A supporter of Muqtada al-Sadr celebrates election results on Monday. Photo: Ahmad al-Rubaye/AFP
ERBIL, Kurdistan Region – Final election results confirmed that Muqtada al-Sadr’s Sayirun alliance won the Iraqi election.
Muqtada al-Sadr tweeted that it was “an honour” to have won the confidence of the people.
“Iraq and reform have won your vote. We will not disappoint you,” he stated.
On Friday, prior to the release of the final results, incumbent Prime Minister Haider al-Abadi called for cooperation among all parties and blocs to form a government that will represent the country, rejecting sectarianism and tackling corruption.
Forming that government, however, will be a hurdle as no single party emerged with strong numbers in the 329 seat chamber.
Sadr’s Sayirun alliance with the Communist Party secured 54 seats, followed by the Fatih alliance with 47 seats, and Abadi’s Victory (Nasr) alliance with 42 seats.
Abadi and Sadr may be able to work together – they both put battling corruption and sectarianism at the forefront of their campaigns – and pundits have predicted Abadi may retain his post.
Sadr, however, is opposed to foreign influence in the government and has ruled out governing with Nouri al-Maliki, whose State of Law won 26 seats, or Hadi al-Ameri, who heads the Iranian-backed Fatih alliance.
AFP reported that Iran’s influential general Qassem Soleimani was in Baghdad where he met with Abadi and Maliki and ruled out an alliance with Sadr.
Sadr has met with Shiite leader Ammar al-Hakim to discuss formation of the next government. Hakim's Hikma movement won 19 seats.
Kurdish parties collectively hold 58 seats – largely in the hands of the KDP, 25, and PUK, 18. The Kurds could be kingmakers, but would have to overcome internal rivalries.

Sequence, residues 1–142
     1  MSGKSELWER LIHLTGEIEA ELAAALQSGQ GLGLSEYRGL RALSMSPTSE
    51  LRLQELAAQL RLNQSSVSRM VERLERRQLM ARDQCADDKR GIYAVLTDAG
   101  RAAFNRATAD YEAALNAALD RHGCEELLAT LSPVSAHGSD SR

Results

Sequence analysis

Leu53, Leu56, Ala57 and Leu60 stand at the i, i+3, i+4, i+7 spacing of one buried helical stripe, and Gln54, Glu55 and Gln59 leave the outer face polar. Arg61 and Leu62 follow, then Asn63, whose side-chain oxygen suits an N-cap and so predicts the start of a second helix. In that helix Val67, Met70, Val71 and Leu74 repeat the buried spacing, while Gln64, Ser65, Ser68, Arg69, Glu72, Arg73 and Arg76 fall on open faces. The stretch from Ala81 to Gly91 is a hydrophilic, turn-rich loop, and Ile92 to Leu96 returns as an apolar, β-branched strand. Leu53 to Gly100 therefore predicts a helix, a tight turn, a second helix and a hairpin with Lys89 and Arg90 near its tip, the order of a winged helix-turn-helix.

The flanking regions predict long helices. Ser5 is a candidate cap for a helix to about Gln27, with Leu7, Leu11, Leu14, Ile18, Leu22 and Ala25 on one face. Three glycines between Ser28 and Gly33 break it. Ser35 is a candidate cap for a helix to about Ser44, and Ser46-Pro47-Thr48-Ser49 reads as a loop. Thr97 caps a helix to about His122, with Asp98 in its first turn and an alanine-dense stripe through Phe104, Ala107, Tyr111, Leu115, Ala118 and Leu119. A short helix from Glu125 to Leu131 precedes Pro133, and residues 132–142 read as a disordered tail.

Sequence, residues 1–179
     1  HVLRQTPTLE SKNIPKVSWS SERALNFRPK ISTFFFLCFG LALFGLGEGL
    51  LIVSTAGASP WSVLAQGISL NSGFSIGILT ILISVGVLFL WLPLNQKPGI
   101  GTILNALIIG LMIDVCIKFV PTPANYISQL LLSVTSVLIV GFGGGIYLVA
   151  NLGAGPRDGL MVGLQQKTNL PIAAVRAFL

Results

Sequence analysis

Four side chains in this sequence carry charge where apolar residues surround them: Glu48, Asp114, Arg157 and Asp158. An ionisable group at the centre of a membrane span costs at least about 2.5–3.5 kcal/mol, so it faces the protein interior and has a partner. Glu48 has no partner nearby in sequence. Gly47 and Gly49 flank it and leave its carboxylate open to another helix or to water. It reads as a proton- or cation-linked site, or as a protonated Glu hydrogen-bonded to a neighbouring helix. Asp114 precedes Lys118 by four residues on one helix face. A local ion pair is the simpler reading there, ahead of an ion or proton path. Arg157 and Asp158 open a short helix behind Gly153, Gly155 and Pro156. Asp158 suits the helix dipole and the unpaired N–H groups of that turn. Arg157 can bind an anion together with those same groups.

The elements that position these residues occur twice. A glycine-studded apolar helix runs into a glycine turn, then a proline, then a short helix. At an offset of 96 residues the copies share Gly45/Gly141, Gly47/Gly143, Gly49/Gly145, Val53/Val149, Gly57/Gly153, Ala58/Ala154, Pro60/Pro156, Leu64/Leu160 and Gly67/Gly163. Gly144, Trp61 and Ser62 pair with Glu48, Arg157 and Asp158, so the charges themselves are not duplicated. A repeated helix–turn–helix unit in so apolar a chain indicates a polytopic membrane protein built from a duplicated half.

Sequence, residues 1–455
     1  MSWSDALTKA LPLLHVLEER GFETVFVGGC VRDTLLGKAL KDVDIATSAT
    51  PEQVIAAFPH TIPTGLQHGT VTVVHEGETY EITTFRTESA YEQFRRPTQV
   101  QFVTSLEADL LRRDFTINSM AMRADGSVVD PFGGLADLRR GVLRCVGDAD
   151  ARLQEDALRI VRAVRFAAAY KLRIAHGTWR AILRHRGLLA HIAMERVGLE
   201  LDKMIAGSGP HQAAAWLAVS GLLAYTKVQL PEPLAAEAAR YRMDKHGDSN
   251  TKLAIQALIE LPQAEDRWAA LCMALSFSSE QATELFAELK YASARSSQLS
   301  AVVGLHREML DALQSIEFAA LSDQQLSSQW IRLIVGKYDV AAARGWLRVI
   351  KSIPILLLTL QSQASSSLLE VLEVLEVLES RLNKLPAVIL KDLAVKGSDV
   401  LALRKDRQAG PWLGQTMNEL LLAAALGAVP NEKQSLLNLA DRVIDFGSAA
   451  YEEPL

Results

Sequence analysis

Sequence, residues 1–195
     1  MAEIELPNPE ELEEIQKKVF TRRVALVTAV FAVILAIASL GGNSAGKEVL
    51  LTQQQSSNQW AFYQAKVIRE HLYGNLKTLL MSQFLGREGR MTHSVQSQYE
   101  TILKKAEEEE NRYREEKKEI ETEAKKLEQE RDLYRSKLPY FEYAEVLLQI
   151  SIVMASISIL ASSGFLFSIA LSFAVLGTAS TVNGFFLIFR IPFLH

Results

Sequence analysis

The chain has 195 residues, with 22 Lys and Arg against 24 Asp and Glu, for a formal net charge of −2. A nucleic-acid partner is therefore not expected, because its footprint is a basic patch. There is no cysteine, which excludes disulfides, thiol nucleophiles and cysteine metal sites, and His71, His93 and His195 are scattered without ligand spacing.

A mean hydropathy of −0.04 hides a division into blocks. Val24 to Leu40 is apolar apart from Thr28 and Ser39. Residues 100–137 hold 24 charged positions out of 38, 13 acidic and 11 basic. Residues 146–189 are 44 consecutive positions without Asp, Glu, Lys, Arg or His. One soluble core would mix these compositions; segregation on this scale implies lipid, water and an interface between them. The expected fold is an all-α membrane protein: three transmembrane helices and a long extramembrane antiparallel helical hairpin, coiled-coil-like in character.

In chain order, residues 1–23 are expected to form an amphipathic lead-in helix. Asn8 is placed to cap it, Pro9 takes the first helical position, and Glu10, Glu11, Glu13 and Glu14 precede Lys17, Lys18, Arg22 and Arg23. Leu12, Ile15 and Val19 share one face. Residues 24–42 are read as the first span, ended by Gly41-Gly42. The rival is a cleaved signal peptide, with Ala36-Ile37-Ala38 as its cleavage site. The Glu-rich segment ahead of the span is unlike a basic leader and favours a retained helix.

The vote was marred by historically low turnout – just 44.5 percent, which is the lowest in post-Saddam Hussein Iraq.
The election commission said parties have three days to file complaints over the results.
Under the constitution, the president of Iraq must call for parliament to convene within 15 days of the ratification of the election results.
Parliamentarians are sworn in with the following oath: "I swear by God Almighty to carry out my legal duties and responsibilities with devotion and integrity and preserve the independence and sovereignty of Iraq, and safeguard the interests of its people, and ensure the safety of its land, sky, water, wealth, and federal democratic system, and I shall endeavor to protect public and private liberties, the independence of the judiciary, and pledge to implement legislation faithfully and neutrally. God is my witness."
Parliament’s first session will be chaired by its older member and its first order of business will be to elect a speaker and two deputies by an absolute majority in a secret ballot. A fifteen-day extension to this time period is possible.
The parliament will then elect a president from a list of candidates by a two-thirds majority. If a single candidate does not reach the threshold, then a run-off is held between the top two candidates with the one receiving the most votes declared as president.
Within 15 days of his or her election, the president will charge the nominee of the largest bloc with forming the Council of Ministers. This prime minister-designate has 30 days to do so and if he or she fails, the president will charge a new nominee with the same task, giving them 15 days to form the cabinet.
Parliament must approve the prime minister-designate’s selections for ministerial posts by an absolute majority.